By Al Mukthar Al Lawati

As if we haven’t heard enough about climate change. That right? Dead wrong!

Reports have been emerging about scientists deciding on whether to herald the new epoch of our Earth’s history: the “Anthropocene”. That term describes a point in history which is being defined with homosapiens’ impact on our Earth. Combining the aforementioned arrogance of ours with the inherent evolutionary nature of our species of using more energy than we could produce brings about a disturbing conclusion; to quote Al Gore, the disturbing conclusion really is an “inconvenient truth.”

But we’ve already heard enough about how the scientific consensus is that we create climate change. With the Earth expecting 3 to 4 billion new human inhabitants over the next 3 to 4 decades, what are the issues that we need to prepare for?

Politically-natured debates are rife when studying topics such as Canada’s first attempt to switch to carbon-trapping technology which efficiently disposes of carbon waste. Or about the global oil price plummeting because the US switched to fracking and will, to quote my college economics instructor, “destroy the planet over the next century.” We could even go on about whether there is a conspiracy within influential international actors like OPEC to curb progress on oil alternatives. Or whether the German failure at switching to wind farms instead of fossil fuels has thrown them in a situation where economic viability is not achieved since Germany would have to use more fossil fuels to maintain the wind farms than they would have without switching to wind in the first place.

You, me – what can the average Joe do here? Simple. Address questions that current politicians and lobbyists wouldn’t care much for, as no short-term profits are at risk when it comes to answering them. For example we may ask: who is going to supply those 3 billion new mouths that are going to need food, water, clothing, and education over the next 3 decades? Economists argue that the basis for a stable economy is a strong foundation of farmers (i.e. our feeders). Whether one is a supporter or an opponent of the EU’s CAT (Common Agricultural Policy) doesn’t matter, just the fact that the policy exists is proof that farming is essential when it comes to building a reliable economy.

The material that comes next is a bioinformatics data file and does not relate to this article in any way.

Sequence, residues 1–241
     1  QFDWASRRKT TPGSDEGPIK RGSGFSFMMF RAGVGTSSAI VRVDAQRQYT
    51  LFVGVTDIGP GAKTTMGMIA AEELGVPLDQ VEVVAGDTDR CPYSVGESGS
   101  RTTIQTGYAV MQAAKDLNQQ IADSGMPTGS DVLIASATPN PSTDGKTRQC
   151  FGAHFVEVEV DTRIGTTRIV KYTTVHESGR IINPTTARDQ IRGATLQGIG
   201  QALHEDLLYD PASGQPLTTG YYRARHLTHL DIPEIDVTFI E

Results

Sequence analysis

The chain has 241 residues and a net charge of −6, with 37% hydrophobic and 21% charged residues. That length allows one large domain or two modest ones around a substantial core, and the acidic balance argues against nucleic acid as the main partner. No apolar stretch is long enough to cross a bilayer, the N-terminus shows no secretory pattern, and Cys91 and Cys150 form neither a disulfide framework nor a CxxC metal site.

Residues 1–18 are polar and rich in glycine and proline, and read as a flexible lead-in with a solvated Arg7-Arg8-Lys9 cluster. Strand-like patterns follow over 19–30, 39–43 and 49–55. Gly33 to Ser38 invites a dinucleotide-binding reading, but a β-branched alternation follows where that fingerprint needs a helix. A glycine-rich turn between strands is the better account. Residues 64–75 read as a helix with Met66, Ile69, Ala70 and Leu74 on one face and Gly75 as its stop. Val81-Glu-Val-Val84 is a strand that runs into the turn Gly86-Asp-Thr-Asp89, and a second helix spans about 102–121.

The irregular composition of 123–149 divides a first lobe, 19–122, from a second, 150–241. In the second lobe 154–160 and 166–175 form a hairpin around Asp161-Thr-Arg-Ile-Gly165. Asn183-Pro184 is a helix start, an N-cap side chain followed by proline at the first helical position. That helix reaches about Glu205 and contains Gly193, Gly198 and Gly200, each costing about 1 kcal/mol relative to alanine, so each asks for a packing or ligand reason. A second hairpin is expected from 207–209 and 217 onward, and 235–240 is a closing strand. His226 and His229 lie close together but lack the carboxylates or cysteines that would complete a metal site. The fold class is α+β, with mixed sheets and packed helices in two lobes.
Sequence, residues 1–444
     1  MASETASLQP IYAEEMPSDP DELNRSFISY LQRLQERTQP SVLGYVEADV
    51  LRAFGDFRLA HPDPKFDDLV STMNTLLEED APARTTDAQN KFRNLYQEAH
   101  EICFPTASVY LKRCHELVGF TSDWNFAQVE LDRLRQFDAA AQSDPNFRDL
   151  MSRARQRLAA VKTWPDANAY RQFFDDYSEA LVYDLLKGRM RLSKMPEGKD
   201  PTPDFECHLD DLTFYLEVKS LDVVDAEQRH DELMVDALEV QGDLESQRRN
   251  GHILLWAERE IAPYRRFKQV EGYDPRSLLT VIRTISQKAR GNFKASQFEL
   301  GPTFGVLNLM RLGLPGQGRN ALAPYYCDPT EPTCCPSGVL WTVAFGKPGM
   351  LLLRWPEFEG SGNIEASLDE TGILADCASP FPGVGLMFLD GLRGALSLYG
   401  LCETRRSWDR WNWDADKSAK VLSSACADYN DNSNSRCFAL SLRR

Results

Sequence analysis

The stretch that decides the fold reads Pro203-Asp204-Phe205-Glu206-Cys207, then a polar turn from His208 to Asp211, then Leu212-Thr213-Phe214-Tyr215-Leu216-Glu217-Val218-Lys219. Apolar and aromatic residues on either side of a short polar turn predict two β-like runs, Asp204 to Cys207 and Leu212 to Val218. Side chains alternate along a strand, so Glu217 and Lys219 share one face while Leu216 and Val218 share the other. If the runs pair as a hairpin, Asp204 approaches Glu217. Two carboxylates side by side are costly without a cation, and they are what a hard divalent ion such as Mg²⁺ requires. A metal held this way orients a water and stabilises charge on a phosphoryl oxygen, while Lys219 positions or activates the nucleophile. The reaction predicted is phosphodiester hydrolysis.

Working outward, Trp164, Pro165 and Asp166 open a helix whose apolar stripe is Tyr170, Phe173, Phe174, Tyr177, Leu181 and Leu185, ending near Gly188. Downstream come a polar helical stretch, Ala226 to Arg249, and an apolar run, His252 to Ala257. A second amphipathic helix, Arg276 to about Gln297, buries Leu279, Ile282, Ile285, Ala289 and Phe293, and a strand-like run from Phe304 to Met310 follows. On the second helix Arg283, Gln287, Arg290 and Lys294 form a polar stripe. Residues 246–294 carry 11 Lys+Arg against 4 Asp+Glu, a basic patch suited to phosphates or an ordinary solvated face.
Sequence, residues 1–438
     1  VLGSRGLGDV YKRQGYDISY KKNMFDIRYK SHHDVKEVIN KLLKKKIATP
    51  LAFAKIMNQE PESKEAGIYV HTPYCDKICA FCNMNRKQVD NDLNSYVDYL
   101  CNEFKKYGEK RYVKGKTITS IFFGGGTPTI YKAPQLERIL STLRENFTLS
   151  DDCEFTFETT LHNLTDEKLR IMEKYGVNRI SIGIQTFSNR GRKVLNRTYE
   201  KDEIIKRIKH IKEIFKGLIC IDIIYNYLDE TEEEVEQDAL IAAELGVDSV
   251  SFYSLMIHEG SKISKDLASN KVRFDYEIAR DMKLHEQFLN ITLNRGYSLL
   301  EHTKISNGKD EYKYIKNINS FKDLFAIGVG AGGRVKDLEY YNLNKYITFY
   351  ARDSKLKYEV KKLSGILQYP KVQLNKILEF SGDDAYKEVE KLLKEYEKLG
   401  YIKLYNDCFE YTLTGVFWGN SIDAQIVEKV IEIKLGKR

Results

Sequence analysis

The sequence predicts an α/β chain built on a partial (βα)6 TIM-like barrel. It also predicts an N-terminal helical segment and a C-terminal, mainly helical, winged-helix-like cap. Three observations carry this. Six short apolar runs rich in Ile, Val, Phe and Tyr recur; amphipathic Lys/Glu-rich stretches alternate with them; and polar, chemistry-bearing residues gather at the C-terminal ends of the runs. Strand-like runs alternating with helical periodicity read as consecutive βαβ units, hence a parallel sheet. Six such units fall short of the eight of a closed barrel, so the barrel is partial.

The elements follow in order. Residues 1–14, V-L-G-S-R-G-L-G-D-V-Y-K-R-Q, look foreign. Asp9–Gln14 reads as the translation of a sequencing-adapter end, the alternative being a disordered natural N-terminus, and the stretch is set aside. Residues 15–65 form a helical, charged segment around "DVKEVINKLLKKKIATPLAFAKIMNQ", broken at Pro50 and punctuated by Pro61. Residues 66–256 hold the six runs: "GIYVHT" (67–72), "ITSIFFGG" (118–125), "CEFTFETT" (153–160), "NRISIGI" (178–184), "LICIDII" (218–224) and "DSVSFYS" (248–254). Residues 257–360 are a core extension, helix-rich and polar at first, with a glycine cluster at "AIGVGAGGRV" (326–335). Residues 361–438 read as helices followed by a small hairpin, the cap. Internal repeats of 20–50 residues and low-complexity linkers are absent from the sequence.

Some realist security experts wield arguments against including issues like water and food shortages as part of international security studies. But one can’t deny the first-hand effects that the populations of underdeveloped nations are experiencing because of water and food shortages. Regardless of whether we see this as a security issue, reports coming out of areas hit by droughts in Africa sure lead us to think. The scenario of wars fought for food and fresh water seem to be more plausible than ever. Of course these wars will be good news for countries with GDPs comprising of arms sales.

One very interesting new innovation has already been developed in the Netherlands. The country where innovators’ fear of the low lands sinking in a global warming flood scenario has brought them to innovating floating houses and building structures. Another example of a revolutionary invention is the Groasis Waterboxx, invented by Dutch entrepreneur Pieter Hoff. The simple agricultural invention combines naturally occurring methods that statistically seldom appear in nature. The Waterboxx helps farmers’ trees to take advantage of the air, the sun, and the Earth to grow using minimum water. In fact, the method can be used to water a plant as infrequently as once a year. Now imagine government funds being allocated to support such scientist entrepreneurs to solve our current and upcoming global water and food shortages.

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